Saturday, May 28, 2011

The Gray Area

Real people are never black or white, they vary in shades of gray. No one is perfectly good or perfectly evil.

In the world I create, my characters do not have much of a gray area. This is a problem. The characters intended to be likable are likable. The villains are dastardly. As much as I try not to be archetypal, I do type cast and can't seem to help myself. Certain characteristics lend themselves to certain types of people. At face value, they are either good or bad.

But not in real life. In real life the compulsive liar that always has to one up every thing you say also works in the nursery at AIDS outreach events. The Munchhausen syndrome old man who demands the spotlight always be on his ailments or suffering regardless of the situation is a Vietnam vet who lost his leg protecting a peasant girl from being attacked by one of his own platoon. The alcoholic young mother drinks to drown out her memories of abuse is a victim as much as she is an irresponsible abuser herself.  Real life is full of gray areas.

While I do feel my main characters do fall into the gray spectrum, the peripheral characters tend toward black and white. They are either my good guys or bad guys and never the twain shall meet. Until now.

I have a bad guy from the previous book who I really just love writing. In the previous book he was an attempted rapist and ready to sacrifice someone else's life in order to save his reputation.  In this book he's still the unforgiven brat prince, but the jolly side of him is more integral to the story. He, accidentally, solves everyone's problems - which is something that vexes him deeply since their problems were so much fun to watch playing out.  He's almost a good guy, but he's so bad.  Could it be that I wrote a gray character?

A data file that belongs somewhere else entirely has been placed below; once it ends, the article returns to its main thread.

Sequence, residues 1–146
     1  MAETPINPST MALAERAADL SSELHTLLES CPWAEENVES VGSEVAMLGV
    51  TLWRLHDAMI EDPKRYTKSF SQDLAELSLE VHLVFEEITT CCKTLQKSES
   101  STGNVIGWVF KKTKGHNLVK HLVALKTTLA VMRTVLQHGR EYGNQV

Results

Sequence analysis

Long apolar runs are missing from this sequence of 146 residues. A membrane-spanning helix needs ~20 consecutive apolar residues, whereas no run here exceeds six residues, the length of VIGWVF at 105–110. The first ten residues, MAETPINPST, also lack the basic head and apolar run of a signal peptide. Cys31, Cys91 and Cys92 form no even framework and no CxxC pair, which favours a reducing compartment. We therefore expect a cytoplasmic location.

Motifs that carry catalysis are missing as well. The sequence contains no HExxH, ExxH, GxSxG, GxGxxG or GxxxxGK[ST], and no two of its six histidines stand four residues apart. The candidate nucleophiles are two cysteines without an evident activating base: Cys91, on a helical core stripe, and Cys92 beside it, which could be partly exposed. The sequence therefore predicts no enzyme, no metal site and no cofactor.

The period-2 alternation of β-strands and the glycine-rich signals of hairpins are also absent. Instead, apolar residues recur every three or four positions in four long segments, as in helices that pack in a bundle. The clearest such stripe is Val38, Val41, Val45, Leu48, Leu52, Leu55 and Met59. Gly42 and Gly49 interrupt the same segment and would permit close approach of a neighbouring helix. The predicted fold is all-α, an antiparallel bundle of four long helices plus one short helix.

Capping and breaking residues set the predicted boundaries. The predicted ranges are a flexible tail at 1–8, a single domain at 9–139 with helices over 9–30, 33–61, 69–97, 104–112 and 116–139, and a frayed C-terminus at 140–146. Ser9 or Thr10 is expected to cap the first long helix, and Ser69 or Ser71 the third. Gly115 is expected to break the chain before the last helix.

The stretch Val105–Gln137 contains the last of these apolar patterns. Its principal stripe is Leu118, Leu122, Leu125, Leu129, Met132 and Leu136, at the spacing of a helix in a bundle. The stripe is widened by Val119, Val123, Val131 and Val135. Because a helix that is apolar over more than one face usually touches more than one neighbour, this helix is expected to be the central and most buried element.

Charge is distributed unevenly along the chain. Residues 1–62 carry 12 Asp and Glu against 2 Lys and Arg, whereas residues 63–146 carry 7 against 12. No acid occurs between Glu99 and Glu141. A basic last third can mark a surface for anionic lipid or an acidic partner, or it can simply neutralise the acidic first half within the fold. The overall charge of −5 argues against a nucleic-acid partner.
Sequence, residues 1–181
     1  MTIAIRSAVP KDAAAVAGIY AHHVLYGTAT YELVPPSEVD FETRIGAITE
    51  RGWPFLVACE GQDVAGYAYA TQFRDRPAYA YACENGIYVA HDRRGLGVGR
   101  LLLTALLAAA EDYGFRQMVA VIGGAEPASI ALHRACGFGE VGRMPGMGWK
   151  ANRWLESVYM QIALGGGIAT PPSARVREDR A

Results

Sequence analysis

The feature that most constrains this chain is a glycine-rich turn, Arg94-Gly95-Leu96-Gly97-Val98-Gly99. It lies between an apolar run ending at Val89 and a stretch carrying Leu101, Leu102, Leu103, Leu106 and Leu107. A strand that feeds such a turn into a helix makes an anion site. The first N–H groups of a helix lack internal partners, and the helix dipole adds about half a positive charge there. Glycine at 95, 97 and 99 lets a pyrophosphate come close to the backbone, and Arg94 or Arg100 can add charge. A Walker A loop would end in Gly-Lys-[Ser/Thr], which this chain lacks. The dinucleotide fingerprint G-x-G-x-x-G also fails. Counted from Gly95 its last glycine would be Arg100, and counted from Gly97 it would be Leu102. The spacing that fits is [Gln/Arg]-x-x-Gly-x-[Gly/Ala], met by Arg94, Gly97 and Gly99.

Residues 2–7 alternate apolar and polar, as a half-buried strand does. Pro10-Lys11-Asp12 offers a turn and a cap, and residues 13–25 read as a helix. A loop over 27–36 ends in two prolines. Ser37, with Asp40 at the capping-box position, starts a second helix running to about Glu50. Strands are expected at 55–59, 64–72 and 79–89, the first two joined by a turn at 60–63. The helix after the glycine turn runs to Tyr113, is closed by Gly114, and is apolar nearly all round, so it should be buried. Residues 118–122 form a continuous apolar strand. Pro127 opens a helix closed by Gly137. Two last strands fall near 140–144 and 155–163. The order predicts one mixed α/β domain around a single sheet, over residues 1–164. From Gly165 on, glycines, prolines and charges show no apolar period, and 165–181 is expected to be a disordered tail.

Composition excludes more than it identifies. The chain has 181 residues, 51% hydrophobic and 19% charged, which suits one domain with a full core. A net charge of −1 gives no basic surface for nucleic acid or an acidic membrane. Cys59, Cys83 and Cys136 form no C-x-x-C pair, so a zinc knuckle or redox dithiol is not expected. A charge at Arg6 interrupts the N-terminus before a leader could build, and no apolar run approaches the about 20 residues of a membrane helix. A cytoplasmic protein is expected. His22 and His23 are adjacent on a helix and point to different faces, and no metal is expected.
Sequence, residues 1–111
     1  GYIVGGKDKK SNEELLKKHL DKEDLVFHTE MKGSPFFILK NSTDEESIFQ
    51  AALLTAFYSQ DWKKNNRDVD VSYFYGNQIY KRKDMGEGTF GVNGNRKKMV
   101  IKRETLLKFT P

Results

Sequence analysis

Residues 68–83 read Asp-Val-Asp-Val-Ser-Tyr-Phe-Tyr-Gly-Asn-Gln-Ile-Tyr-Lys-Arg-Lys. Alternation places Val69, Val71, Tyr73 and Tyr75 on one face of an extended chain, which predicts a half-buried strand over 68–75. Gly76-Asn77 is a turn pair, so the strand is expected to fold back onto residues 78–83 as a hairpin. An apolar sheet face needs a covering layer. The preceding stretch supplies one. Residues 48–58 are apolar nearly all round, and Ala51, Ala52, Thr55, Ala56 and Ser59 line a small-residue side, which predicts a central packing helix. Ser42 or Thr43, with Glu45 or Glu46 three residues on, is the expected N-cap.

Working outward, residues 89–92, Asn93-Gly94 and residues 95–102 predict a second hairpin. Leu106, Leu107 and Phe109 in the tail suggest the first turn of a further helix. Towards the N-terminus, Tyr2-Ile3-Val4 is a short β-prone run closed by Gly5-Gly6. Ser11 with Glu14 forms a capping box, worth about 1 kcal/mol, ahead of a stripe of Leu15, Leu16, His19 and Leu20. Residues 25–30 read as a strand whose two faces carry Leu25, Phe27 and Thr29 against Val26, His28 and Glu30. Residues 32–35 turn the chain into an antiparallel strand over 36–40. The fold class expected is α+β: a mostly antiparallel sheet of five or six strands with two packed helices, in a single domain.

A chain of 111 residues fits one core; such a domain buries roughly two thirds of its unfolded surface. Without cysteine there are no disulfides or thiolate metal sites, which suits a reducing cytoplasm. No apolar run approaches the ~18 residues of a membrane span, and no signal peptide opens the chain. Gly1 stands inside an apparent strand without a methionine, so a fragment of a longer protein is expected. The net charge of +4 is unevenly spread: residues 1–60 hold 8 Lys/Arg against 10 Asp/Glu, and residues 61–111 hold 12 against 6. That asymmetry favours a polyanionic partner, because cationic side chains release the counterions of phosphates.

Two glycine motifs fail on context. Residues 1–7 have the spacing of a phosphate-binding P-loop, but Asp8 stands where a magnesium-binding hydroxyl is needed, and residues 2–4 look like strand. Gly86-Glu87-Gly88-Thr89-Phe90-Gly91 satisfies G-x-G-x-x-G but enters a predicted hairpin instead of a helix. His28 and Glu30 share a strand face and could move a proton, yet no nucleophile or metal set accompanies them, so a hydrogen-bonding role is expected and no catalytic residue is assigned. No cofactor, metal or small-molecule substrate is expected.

stu said...

Often it's not so much a question of making characters a mix of good and bad as simply remembering that the bad ones will have what seems like a perfectly legitimate reason for doing what they are doing.

Spanj said...

I think it's ok for the more peripheral characters to be either black or white; they're job is to effect the MCs in some way, so they only really need to be one thing for that purpose.
It is fun to throw in something unexpected, and I think it's often hard to remember that characters need more than one side to them.

N. R. Williams said...

That sounds really interesting. I love my villains too and understand why they went bad. I manage to incorporate a little backstory as the plot progresses so the reader can understand them as well. Still, the actions of a villain should be unforgivable. Or as close to that as you can make. It sounds like your on to something.
N. R. Williams, The Treasures of Carmelidrium

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